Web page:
Anyways, it was an interesting experience overall, but not one I’m going to repeat anytime soon! Gone are notions of how exciting it could be to spend a couple of years in Antarctica doing research or how amazing it would be to work in a dive centre on the Maldives.. I’ve learned that I can’t spend 6 months in a 10 km square area – I need more freedom than that! But the diving I got to do was pretty cool – I really enjoyed my one day off a week! I got to play lots with the underwater camera I’d bought myself – that was fun! And, back to our bottom line when we were looking for the job – myself and Antonin did have 6 months living and working in the same place so we could earn money and get to know each other better.. So can we complain? Not really..!

Oh, and we did get to spend 3 days in Luxor at the end of November when Antonin’s parents came out to visit. That was lovely! We visited the usual sights of Luxor – the Valley of the Kings, the Temple of Karnak and some others and we did a sunset cruise on the Nile in a felucca (a small sail boat). We almost lost our jobs in the process of asking for the 3 days off (!?) but that’s a rant I won’t start because I wouldn’t be able to finish! Egypt really does have lots of history etc to offer tourists, and November was a perfect time to visit Luxor as temperatures didn’t go above 30° (in summertime they rarely fall below 40°!!). Actually, one of my favourite bits about Luxor was the location of our guesthouse – it was right in the heart of Egyptian suburbia away from the rest of the tourist accommodation. That meant that walking to and from the city centre was very interesting, especially as one of the days we were there was a national festival where families butchered their dinner on the streets outside their houses… There were lots of pools of blood and decapitated bodies of goats on the way to town that day! Not a sight one sees very often!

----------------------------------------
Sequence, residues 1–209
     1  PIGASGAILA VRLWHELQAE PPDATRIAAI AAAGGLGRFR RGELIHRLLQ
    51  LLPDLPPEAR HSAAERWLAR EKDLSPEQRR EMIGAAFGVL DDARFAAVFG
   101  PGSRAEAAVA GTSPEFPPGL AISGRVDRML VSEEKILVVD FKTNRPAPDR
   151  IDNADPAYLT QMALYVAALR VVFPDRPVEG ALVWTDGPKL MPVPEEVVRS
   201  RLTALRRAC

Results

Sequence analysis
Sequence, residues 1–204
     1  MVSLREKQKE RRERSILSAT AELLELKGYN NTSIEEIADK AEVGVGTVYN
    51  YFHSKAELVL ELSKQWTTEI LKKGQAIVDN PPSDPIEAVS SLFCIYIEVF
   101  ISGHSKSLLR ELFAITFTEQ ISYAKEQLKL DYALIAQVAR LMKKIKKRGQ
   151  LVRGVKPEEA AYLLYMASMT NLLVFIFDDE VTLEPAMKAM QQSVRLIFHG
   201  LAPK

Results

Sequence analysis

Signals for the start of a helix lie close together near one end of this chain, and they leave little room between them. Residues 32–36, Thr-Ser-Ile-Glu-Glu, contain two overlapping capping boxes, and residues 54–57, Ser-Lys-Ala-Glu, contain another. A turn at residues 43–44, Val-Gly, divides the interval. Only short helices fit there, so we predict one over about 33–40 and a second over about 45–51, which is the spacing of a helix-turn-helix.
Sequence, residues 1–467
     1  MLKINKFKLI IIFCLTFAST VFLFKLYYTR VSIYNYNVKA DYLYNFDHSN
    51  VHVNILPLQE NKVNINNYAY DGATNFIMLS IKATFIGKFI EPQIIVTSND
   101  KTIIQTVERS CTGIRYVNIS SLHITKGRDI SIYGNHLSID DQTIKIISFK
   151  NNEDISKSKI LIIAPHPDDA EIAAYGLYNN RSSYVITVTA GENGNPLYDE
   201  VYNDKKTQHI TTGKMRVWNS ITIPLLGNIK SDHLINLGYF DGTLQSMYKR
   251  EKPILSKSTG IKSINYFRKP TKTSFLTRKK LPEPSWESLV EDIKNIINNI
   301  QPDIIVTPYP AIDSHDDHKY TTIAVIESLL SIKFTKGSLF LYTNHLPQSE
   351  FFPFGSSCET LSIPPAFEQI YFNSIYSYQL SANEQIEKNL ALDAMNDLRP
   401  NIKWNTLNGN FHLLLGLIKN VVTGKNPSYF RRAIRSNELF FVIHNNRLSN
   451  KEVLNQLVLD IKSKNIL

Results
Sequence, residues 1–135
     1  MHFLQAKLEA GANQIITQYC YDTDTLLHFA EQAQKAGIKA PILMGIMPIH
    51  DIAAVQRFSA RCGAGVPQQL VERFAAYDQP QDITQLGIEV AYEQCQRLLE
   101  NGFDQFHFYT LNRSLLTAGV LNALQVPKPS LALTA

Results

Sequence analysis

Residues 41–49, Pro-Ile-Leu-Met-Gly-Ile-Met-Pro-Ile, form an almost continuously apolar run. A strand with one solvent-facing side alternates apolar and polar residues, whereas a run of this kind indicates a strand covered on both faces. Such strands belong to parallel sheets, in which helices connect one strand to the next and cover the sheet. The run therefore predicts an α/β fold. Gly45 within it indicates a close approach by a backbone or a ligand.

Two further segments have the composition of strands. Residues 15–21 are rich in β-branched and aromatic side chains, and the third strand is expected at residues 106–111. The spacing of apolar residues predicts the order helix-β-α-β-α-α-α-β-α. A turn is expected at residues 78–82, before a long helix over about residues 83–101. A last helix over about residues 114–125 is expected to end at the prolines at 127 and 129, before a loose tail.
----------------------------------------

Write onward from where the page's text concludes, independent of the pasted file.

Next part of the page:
I’m going to stop there because if I don’t send this today I’ll never send it!

Take care all,

Aoife :)

Posted by niscratz 06:29 Archived in Egypt Comments (0)